IR Commander IR Codes

IR Commander IR Codes

Post by ND Lindse » Tue, 14 Mar 2000 04:00:00



Anyone have ideas on adding IR codes to the X10 IR Commander Library to
make it useful? I can't believe that they didn't include a learning
capability into the device.

Nathan

 
 
 

IR Commander IR Codes

Post by nojun » Wed, 15 Mar 2000 04:00:00


I too was very dissapointed there was no learning function. As it satands
now, it is useless. I think there will be a new version of software out
soon. In the mean time, I hope someone figures out how to get it to work
with MISTERHOUSE. Then it would be very powerful, but still not learning.

>Anyone have ideas on adding IR codes to the X10 IR Commander Library to
>make it useful? I can't believe that they didn't include a learning
>capability into the device.

>Nathan


 
 
 

IR Commander IR Codes

Post by Shay Walter » Tue, 21 Mar 2000 04:00:00


    I came in on this discussion mid-stream, so perhaps this doesn't apply
to what you're wanting to do, but just in case it does, I thought I'd
mention it.
    If you have any electronics construction ability at all, there is an
extremely simple circuit called CIR you can build.  There are several
freeware programs which use this circuit.  One, called "Monster Clicker"
allows you to build up "virtual remotes" on your desktop which can have
simple remote commands, or can even have meta-commands, where pressing one
button will generate a whole sequence of commands, even from different
devices.  Here's a link to one of the pages which will get you started, if
you're interested.

    http://www.ziplabel.com/cir/index.html

    I've made one of these and it seems to work fine.   It samples the IR
signal at a high rate (depending on speed of computer) and records it to a
disk file.  It can then play back that file to reproduce the signal.  It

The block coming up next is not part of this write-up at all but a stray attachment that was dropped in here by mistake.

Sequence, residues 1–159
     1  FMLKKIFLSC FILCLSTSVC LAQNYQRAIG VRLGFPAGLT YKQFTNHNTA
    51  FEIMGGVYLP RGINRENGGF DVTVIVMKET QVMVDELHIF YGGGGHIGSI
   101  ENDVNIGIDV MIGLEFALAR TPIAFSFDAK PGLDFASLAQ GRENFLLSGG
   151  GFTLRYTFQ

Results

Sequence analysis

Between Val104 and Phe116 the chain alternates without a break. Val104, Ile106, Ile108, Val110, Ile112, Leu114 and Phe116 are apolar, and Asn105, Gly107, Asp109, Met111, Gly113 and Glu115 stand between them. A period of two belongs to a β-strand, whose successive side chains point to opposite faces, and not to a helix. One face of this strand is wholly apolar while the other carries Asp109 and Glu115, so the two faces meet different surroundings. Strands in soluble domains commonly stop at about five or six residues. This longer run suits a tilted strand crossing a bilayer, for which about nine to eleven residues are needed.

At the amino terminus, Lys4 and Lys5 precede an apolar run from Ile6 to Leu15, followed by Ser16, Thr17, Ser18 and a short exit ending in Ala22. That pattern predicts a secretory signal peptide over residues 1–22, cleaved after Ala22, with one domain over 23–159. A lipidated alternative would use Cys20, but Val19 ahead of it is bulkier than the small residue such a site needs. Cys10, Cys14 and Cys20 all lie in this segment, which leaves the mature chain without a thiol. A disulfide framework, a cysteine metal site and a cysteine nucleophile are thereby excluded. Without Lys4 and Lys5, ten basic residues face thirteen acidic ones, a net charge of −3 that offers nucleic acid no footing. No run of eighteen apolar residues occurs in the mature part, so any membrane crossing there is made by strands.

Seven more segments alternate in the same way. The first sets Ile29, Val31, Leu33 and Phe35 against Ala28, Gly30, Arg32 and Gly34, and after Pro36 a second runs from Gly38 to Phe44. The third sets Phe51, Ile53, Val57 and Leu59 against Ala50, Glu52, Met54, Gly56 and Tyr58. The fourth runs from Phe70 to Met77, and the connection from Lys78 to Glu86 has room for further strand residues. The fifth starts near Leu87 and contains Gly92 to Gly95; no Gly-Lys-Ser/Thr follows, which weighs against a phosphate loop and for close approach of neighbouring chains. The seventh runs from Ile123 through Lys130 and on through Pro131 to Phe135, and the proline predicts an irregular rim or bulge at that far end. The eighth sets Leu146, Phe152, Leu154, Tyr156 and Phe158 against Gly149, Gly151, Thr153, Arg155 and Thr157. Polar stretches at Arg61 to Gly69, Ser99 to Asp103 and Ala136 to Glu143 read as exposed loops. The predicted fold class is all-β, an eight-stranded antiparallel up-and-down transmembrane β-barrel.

takes approx. $20 in parts (I built mine for about $10 at Radio Shack).  The
whole circuit uses an IR emitter, an IR phototransistor, one transistor, and
three resistors  (I added a visible-light LED in series with the IR LED on
mine.)
    The downsides to it are:  (1) your computer has to be running to do
anything, it has no stand-alone capability.  (2) it's entirely dependant on
the speed of your computer.  If you change computers, you will have to
re-sample all the signals.  (Fixing that is on the list of "future upgrades"
for the Monster Clicker.)  (3)  it needs a dedicated parallel port on your
computer when you're using it.  Even though it's a "serial" signal you're
looking at, it's not a standard RS232-type 7- or 8-bit asynchronous serial
stream, it's more like a barcode bitstream, so there's no way to have the
serial port hardware respond to it, so it uses the parallel port and just
uses one bit for input and one bit for output.


Quote:>I too was very dissapointed there was no learning function. As it satands
>now, it is useless. I think there will be a new version of software out
>soon. In the mean time, I hope someone figures out how to get it to work
>with MISTERHOUSE. Then it would be very powerful, but still not learning.

 
 
 

IR Commander IR Codes

Post by Shay Walter » Tue, 21 Mar 2000 04:00:00


I had a couple of inquiries about this, so I thought I'd post a follow-up.
Here are some links for further info about this computerized IR remote
project.   One even has a GIF drawing of the circuit which lists the Radio
Shack part numbers for the components.

http://www.geocities.com/SiliconValley/Pines/7438/dishhead.html

    The above page is has the details about construction and the GIF
schematic.

http://www.accessv.com/~dpang/

     This is the home page for the "Monster Clicker" software.

Both of these contain links to other related sites.   If anyone runs across
a source of information about different devices' IR codes (coding schemes /
carrier frequency / etc.) I'd be interested in hearing about it.